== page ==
According to analyst iSuppli, AMD’s gains in recent years have been caused by improved processor design, which gave it the technological edge. But this changed with the launch of Intel’s Core Duo desktop chips in January and the Core 2 Duo desktop and notebook lines in recent months. Prior to this, iSuppli claimed that AMD held the performance high ground with its Athlon 64 and the Opteron server processors.
The analyst said Intel’s processors have been well received by market experts and their take-up will be boosted by very aggressive pricing.
Matthew Wilkins, senior analyst for computer platforms at iSuppli, said: “Intel has taken a sharp knife to its pricing for its Core 2 Duo products. It is coming in with aggressive pricing so it can outperform the competition. The company is selling some of its dual-core microprocessors for less than $1,000, which is the same price level of many value products, such as the low-end Celeron microprocessor. This is a remarkable development because it shows Intel’s intention to drive dual-core technology through the product range.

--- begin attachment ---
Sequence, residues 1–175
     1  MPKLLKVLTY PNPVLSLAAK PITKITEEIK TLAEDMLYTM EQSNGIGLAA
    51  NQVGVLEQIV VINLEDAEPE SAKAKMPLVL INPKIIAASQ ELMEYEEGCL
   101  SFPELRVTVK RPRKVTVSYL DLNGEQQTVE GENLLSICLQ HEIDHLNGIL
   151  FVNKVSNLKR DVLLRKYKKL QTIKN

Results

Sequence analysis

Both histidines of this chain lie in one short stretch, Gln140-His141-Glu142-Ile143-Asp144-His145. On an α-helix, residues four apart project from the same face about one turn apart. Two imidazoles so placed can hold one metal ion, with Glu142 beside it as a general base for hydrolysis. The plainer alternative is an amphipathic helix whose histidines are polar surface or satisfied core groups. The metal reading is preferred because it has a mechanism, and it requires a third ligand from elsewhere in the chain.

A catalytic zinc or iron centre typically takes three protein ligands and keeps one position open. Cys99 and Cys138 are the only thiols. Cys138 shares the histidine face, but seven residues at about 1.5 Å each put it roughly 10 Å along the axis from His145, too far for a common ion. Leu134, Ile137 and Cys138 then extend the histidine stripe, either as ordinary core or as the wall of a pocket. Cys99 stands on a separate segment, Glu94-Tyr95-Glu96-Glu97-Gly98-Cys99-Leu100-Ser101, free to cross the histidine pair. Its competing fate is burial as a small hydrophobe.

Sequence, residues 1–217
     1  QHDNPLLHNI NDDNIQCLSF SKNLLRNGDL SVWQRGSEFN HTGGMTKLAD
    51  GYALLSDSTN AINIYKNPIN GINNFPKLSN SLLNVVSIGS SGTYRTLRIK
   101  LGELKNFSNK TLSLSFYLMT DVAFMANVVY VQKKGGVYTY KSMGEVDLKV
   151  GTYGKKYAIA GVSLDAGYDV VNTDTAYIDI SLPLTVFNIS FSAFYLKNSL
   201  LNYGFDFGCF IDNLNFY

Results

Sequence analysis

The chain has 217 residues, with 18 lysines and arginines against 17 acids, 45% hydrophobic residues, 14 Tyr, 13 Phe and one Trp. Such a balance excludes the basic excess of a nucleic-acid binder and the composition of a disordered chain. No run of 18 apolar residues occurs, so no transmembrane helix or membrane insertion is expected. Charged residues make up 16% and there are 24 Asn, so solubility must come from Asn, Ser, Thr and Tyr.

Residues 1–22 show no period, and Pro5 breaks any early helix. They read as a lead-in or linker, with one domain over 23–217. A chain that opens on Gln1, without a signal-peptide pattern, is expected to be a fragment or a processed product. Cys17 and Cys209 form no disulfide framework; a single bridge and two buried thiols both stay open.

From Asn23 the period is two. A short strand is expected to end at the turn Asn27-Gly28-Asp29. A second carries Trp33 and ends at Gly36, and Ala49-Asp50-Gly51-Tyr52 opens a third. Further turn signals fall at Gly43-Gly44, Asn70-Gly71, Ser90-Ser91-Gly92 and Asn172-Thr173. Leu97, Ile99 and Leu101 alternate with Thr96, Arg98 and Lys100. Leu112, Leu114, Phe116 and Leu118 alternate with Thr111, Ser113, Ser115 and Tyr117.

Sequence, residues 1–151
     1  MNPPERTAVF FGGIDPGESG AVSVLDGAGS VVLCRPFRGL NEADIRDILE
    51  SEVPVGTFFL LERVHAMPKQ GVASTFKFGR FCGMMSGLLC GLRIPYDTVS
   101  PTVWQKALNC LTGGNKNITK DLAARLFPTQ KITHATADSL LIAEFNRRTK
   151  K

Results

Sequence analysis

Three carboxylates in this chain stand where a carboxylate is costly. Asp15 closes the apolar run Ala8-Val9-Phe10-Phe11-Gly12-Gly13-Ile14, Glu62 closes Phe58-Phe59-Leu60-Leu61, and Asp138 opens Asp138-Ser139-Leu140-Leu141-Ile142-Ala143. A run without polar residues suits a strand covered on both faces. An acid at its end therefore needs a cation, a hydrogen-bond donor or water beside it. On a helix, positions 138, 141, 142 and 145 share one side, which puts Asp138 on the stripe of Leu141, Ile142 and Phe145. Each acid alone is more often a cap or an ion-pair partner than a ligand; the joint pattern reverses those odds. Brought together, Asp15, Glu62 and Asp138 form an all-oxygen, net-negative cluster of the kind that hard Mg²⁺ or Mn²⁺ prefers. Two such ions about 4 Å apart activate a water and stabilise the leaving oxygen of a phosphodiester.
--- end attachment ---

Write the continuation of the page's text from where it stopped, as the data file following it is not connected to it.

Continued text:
“As a result of significantly more competitive products from Intel – at very aggressive price levels – AMD’s inroads into Intel’s desktop PC market share could slow down this quarter.”
AMD is still struggling to edge past Intel in the retail computer and notebook sector, but recent figures from analyst Current Analysis show that Intel is starting to extend its lead again. Intel’s share of the market for July was 53 per cent, up from 51 per cent in June. Preliminary figures indicate that it will extend its share for August to 58 per cent. The figures exclude online sales and sales to the business sector.
Toni Duboise, senior analyst at Current Analysis, said: “The battle between Intel and AMD will intensify for the remainder of 2006. Only time will tell whether Intel’s resurgence can be likened to the waking of a sleeping giant.”
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